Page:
Tuesday, September 1, 2015

Author Interview: Daniel M. Harrison author of The Millennial Reincarnations

Daniel M. Harrison, author of The Millennial Reincarnations, stopped by for an interview.

Can you tell us a little bit about yourself?

I love how Iza(bella Kaminska) put it recently in the FT. She described as a "journalist, author, publisher, editor-in-chief. FactoryBanking inventor, serial entrepreneur, Bitcoin 2.0 enthusiast, Blockchain evangelist, and… the oldest direct descendent of the The House of Harrison, the bloodline behind money-printing business Harrison & Sons." That pretty much sums it up I think!

What do you do when you're not writing?

You know, my entire life is work, and writing is one aspect of that. I have several businesses, I have a number of private investments that need constant administering here in Asia where I live, and this year I will have written and published 3 books! So there really isn't time for anything else. Although when I do have time, I love periods where I can breed tropical fish.

When did you first start writing?

When I was 6, maybe. I became aware of wanting to write at that age, at least. It was when I hit 16 I guess I started writing a lot of material, and attempting more ambitious works. I wrote my first novel about 16 or 17, actually. It was called "Calvin's Therapist."

Is there any particular author or book that influenced you in any way either growing up or as an adult?

Yes - The Information by Martin Amis. It was one of the most memorable first lines for me: "Cities at night, I feel, contain men who cry in their sleep and then say Nothing." Cocaine Nights, Lolita and by extension Nabakov - naturally - and Paul Auster all influenced me a lot.

What inspired you to write this particular book?

It actually came out of a sort of disjointed series of events. I began writing it all at different times. Some of those pieces went in my last book, Butterflies. But then when I began to write into those pieces - between the scenes - I realized at least three of the girls in the book were almost "sharing" space in the form of separate characters. Recently I met someone socially just like my character(s) - I was done after 2 weeks after that!

What was your favorite chapter (or part) to write and why?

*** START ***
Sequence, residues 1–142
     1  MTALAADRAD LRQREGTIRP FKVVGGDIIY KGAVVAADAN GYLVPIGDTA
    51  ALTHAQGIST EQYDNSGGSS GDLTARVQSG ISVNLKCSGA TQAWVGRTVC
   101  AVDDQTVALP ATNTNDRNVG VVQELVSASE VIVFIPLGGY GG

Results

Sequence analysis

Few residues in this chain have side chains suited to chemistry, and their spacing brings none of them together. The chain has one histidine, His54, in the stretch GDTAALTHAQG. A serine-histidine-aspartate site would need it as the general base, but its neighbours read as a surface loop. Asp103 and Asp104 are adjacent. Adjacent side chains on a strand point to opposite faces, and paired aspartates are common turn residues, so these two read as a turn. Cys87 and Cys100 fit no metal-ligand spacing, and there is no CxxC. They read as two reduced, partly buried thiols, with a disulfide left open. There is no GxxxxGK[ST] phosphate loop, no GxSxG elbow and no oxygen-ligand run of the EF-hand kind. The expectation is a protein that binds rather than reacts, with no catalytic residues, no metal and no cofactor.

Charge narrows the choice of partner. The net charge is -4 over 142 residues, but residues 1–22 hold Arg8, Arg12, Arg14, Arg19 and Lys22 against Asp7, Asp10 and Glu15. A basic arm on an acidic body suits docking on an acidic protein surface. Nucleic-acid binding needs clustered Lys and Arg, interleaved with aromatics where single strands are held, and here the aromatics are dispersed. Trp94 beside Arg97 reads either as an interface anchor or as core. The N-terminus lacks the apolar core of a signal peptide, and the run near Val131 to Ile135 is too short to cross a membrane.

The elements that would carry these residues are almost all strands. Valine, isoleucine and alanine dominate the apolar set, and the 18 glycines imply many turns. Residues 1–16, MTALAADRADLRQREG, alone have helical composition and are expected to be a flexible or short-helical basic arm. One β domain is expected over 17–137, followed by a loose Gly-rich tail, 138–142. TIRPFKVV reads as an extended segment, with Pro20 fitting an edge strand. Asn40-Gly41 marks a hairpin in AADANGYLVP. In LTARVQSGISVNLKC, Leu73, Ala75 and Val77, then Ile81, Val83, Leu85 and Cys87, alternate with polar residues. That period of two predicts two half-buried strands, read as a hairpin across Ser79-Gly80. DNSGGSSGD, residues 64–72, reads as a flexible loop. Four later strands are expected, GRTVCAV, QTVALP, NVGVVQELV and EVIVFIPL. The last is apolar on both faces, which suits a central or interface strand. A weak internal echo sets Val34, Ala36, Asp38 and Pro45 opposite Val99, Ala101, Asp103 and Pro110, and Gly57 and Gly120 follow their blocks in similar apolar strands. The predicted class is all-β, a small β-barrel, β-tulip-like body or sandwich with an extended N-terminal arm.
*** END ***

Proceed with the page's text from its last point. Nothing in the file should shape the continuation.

I think my favorite bits are the ones where the Chinese charaterisations really come out. I had a lot of fun writing the Chinese, because their whole culture is so fabulous in written form, and because I hold a certain affinity for many of their beliefs and ideas. The somewhat darker side of me also enjoyed writing the car accident scene at the end of the book a lot, though that's a nasty scene. I enjoy reading the Prologue and Epilogue best!

What is best writing advice you can give?

Do lots of different types of drugs, get drunk in cities across the world with members of whatever sex. Then quit everything except for sex and the occasional drink and/or line of cocaine at a party. It's at that point you start writing seriously - before that, play around and experiment. Seriously. You need emotional and intellectual ability to write well. You need journeys. But I know many writers who's completely disagree with me, that said.

Is there anything else you'd like your readers to know about the book?

Yes. Give me honest reviews - especially if you hate the book. If you think I suck as a writer and you hate how pretentious and conceited I come across, say so publicly on Amazon. I have found the most critical reviews the most helpful in my career, to be honest.

About the book:

International Number 1 bestselling author Daniel M. Harrison portrays the modern millennial psyche like no other author has ever before. In The Millennial Reincarnations, the young minds of today are not just infused by the fast-paced, always-on economy of things, but they themselves are parts of the fabric of our changing environment. Specifically, Harrison imagines today's young millennials as the reincarnated technology that drives our spiritual goals, needs, wants, aspirations and desires. The author expounds upon this theme in 70,000 words of fiction to explore the effect of technology upon the spiritual core of us all.

The Millennial Reincarnations is Daniel M. Harrison's latest masterpiece, construed as a novel in 3 parts: Body, Face and Soul. The narrative arc spans the years 1990-2014, taking in almost the entire Millennial era, during which the previously gradual adoption of artificially-orchestrated and influenced values and the associated technologically-infused processes of thinking has been rising at its steepest incline ever. Harrison considers in compelling and jaw-dropping prose some of the furthest-reaching effects on society as a whole of this trend.

The Millennial Reincarnations is the composition of what amount to an inter-related series of stories that take place from within this 14 year period in New York City and in Shanghai, China. When two young girls are killed in a violent car accident, they have no idea that, unbeknownst to them, the reaction of a child star in the car in front who dies on the operating table in the hospital will set in motion events that bring about the next twenty years of economic upheaval and prosperity and define their individual and collective destinies.